Teen Retailers No Longer Cool
It’s been a rough couple of years for the “3 A’s” (Abercrombie & Fitch, American Eagle, Aeropostale). The retailers have fallen out of favor with their core demographic — teens — resulting in declining sales and profits and, in certain cases, hits to their brand images. Teens are shifting their purchases to trendier, lower price fashion brands such as Forever 21 and H&M.
Gone are the days when it was cool to wear an Abercrombie & Fitch T-shirt emblazoned with the company’s logo. Today’s teens are more interested in differentiating themselves by creating their own look, often inspired by what they see on social media sites. To better compete in this environment, the 3 A’s need to speed their development cycles for new merchandise to get the hottest styles on store shelves as quickly as possible.
“These young consumers are shopping by seeing what’s on Instagram, Facebook, Twitter — they’re sharing on a constant basis, it’s always around them,” said Marcie Merriman, a consumer engagement consultant at Ernst & Young, in this Washington Post article. “So if what’s in the stores isn’t changing as fast as what’s happening around them, you’re going to lose them.”
In addition to reworking product supply chains, the 3 A’s are making strategic changes. Aeropostale recently announced the return of its former CEO Julian Geiger, who was at the helm of the company when it experienced its greatest success. However, not everyone is convinced the move will work as the struggling retailer fights to remain relevant.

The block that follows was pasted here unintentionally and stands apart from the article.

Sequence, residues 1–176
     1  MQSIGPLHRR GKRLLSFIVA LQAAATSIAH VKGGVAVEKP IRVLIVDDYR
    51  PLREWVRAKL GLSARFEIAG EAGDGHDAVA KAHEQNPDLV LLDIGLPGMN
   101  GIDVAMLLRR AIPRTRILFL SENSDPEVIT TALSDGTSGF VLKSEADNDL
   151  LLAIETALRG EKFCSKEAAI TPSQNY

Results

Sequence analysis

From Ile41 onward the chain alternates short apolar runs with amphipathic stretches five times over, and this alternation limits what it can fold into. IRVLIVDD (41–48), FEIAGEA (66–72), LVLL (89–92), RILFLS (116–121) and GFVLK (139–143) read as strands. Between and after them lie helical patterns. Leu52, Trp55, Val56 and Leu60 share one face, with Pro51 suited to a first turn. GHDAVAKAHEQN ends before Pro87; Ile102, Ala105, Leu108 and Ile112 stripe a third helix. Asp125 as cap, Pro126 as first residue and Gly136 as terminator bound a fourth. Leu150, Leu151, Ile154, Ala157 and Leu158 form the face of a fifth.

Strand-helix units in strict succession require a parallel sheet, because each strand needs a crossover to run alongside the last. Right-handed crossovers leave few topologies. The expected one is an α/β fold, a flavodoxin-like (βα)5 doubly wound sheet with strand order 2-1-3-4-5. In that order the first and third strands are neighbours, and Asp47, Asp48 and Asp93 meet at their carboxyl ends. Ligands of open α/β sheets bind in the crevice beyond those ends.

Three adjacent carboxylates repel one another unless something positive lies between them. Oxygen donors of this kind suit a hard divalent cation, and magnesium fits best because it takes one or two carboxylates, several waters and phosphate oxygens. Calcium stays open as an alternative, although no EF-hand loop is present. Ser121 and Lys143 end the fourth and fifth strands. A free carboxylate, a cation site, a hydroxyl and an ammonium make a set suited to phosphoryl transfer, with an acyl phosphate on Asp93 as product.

American Eagle has hired a new chief merchandising and design officer whose job will be to help invigorate the stagnant brand. The retailer has launched a social media campaign to reintroduce its brand to teens and tout the fact that it’s begun using real teens, not models, to showcase its clothes.
Abercrombie & Fitch, which of the three brands might have the most work to do when it comes to rebuilding its image, has announced plans to scale back its “nightclub vibe” in response to feedback from its customers.
The question remains, however, are these efforts too little too late? I’d love to get your thoughts on where you think the teen retail market is headed. Maybe you have experience dealing with these brands from your kids? Let us know by posting a comment below.